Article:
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ARS Home » Northeast Area » Beltsville, Maryland (BARC) » Beltsville Agricultural Research Center » Animal Parasitic Diseases Laboratory » Research » Publications at this Location » Publication #319362

Research Project: INTEGRATED APPROACH TO THE DETECTION AND CONTROL OF FOODBORNE PARASITES AND THE IMPACT ON FOOD SAFETY

Location: Animal Parasitic Diseases Laboratory

Title: Sarcocystis rommeli, n. sp. (Apicomplexa: Sarcocystidae) from cattle (Bos taurus) and its differentiation from Sarcocystis hominis

Author
item Dubey, Jitender
item MORE, G - National University Of La Plata And Museum
item VAN WILPE, E - University Of Pretoria
item CALERO-BERNAL, R - Non ARS Employee
item VERMA, SHIV - Non ARS Employee
item SCHARES, G - Friedrich-Loeffler-institut

Submitted to: Journal of Eukaryotic Microbiology
Publication Type: Peer Reviewed Journal
Publication Acceptance Date: 6/22/2015
Publication Date: 7/24/2015
Citation: Dubey, J.P., More, G., Van Wilpe, E., Calero-Bernal, R., Verma, S.K., Schares, G. 2015. Sarcocystis rommeli, n. sp. (Apicomplexa: Sarcocystidae) from cattle (Bos taurus) and its differentiation from Sarcocystis hominis. Journal of Eukaryotic Microbiology. 63:62-68.

Interpretive Summary: Zoonosis caused by Toxoplasma, and related parasite Sarcocystis continues to be of public health concern. Sarcocystis is a single celled parasite. Two of the Sarcocystis species, S. hominis and S. suihominis are transmissible to humans by eating raw/undercooked beef or pork, respectively. After ingestion of infected beef or pork humans excrete an environmentally resistant stage (sporocyst) in feces and can suffer from digestive problems (nausea, diarrhea, vomiting). Livestock become infected by ingesting food and water contaminated with sporocysts. ARS scientists now report another new species of Sarcocystis in cattle, Sarcocystis rommeli with an unknown life cycle. A search for the reservoir continues. These findings are of public and professional interest.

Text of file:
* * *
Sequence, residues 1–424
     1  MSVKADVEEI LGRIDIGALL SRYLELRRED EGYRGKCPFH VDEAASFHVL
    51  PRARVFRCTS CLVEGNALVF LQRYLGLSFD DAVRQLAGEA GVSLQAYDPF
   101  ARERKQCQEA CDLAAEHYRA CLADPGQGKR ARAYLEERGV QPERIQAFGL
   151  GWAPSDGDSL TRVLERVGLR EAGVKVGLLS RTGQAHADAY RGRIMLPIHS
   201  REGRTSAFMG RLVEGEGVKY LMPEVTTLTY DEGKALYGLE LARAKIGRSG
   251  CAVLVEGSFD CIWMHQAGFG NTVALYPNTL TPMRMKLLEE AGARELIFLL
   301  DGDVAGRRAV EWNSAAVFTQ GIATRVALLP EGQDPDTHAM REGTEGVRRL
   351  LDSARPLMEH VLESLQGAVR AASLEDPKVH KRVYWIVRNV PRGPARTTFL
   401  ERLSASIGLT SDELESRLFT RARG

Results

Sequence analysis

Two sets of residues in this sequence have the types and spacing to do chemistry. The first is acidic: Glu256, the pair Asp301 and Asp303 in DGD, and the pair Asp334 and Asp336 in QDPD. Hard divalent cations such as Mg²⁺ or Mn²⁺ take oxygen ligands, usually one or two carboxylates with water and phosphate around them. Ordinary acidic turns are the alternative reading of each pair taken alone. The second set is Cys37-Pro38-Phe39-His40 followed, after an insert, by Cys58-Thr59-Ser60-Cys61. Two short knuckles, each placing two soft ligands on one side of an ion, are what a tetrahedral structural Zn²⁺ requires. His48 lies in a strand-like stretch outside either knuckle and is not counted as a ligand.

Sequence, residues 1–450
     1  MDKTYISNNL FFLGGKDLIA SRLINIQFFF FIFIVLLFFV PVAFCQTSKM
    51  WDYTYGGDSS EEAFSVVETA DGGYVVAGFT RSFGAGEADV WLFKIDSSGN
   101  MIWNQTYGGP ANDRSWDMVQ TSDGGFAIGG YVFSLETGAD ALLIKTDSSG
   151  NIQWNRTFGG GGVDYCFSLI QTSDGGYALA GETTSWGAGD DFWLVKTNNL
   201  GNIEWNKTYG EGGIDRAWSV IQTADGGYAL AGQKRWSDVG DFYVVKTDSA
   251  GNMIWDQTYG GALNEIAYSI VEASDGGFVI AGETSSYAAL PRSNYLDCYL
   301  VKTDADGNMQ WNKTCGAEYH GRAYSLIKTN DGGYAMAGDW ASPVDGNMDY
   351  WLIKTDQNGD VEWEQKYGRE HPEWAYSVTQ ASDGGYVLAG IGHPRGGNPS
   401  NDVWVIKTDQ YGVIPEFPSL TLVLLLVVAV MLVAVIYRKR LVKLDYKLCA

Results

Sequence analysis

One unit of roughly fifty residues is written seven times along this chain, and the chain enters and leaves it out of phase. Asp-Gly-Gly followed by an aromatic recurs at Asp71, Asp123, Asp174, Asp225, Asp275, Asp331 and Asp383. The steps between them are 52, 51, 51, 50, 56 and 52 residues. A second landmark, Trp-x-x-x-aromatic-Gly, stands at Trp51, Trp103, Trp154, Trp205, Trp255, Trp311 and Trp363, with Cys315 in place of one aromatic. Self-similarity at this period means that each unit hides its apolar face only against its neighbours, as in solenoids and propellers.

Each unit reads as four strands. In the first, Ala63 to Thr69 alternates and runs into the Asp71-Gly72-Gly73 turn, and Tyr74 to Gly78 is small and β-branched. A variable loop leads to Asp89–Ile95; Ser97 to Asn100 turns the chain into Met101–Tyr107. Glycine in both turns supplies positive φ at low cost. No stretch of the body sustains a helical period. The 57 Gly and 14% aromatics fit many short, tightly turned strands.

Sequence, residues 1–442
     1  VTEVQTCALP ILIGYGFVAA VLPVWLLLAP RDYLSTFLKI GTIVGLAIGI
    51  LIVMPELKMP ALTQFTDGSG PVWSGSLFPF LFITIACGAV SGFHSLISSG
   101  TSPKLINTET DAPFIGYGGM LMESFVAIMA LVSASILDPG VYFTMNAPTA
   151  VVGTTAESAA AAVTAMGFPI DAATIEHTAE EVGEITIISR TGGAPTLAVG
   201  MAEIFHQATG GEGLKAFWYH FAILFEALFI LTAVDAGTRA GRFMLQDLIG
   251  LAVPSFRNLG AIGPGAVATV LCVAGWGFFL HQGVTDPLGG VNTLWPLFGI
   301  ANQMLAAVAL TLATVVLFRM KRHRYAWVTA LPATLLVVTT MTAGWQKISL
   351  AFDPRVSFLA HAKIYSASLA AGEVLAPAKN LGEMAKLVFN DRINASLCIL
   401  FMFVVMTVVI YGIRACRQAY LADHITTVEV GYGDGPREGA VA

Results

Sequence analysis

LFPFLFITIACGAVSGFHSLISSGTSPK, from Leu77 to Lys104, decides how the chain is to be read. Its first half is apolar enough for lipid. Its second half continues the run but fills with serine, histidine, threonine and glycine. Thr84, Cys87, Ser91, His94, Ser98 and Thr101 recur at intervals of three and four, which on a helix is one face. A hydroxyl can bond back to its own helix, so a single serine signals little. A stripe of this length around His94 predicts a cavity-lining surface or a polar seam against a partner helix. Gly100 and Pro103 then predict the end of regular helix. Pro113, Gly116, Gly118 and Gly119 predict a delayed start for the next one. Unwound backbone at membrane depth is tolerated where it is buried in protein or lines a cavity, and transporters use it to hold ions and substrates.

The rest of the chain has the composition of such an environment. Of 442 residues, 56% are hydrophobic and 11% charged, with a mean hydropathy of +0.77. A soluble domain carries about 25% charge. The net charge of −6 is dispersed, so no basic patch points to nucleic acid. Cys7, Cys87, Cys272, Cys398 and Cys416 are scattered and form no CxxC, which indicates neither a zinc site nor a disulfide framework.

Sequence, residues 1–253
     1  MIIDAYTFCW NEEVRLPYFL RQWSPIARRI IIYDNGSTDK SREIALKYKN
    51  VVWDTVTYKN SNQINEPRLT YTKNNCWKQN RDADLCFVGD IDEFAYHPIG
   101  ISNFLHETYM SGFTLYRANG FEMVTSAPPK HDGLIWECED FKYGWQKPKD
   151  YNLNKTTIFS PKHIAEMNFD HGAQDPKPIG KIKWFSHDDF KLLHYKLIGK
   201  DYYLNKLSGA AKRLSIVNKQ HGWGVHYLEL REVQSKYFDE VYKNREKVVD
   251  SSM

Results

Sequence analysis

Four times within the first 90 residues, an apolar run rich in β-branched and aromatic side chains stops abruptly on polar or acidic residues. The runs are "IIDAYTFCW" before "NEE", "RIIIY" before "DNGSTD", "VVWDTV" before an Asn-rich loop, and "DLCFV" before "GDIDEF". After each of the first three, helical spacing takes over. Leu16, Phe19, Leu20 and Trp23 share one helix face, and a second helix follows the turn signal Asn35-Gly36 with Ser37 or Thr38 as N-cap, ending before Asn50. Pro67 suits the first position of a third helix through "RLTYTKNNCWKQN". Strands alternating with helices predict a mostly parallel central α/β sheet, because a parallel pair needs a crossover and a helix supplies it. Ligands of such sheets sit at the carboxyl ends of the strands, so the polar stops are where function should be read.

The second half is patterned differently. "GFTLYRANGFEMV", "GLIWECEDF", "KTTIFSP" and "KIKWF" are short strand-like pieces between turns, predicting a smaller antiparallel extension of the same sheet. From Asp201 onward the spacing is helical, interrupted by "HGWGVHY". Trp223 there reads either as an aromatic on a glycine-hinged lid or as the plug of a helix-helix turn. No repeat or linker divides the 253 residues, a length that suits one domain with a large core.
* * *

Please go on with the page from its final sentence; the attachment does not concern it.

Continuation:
Technical Abstract: Cattle (Bos taurus) are intermediate hosts for three named species of Sarcocystis, S. cruzi, S. hirsuta, and S. hominis. Recently, a fourth species was identified and named S. sinensis. However, S. sinensis originally named a species of Sarcocystis in water buffalo (Bubalus bubalis) in China. Based on unverifiable evidence, it was suggested that the same parasite infects cattle. In addition, S. sinensis was recently declared as nomen nudum because its naming violated the rules of International Code of Zoological Nomenclature. Thus, the fourth species using cattle as an intermediate host does not have a valid name. Here, we propose a new name, Sarcocystis rommeli for the S. sinensis-like parasite from cattle in Argentina, and differentiate it ultrastructurally from S. hominis sarcocysts from experimentally infected cattle. Sarcocystis rommeli sarcocysts were microscopic with a 5-µm-thick wall with slender villar protrusions (Vp); the Vp were up to 5 µm long, up to 0.5 µm wide, and of uneven thickness, often bent at an angle. The ground substance layer (Gs) was up to 0.8 µm thick and smooth. Vesicular structures were seen at the base of the Vp. The bradyzoites were 10-12 µm long. Sarcocystis hominis sarcocysts had Vp that were often upright, up to 7.5 µm long, and up to 1.8 µm wide; the Gs was up to 2 µm thick and without vesicles. Its sarcocyst wall was up to 5.6 µm thick, the vp were bent at an angle, up to 5.8 µm long, the Gs was up to 2 µm thick, but without vesicles seen in S. rommeli. Beef containing sarcocysts of S. rommeli was not orally infectious for two human volunteers and a red fox (Vulpes vulpes). The Sarcocystis described here is molecularly different from S. cruzi, S. hirsuta, and S. hominis based on 18S rRNA and cox1 gene sequences.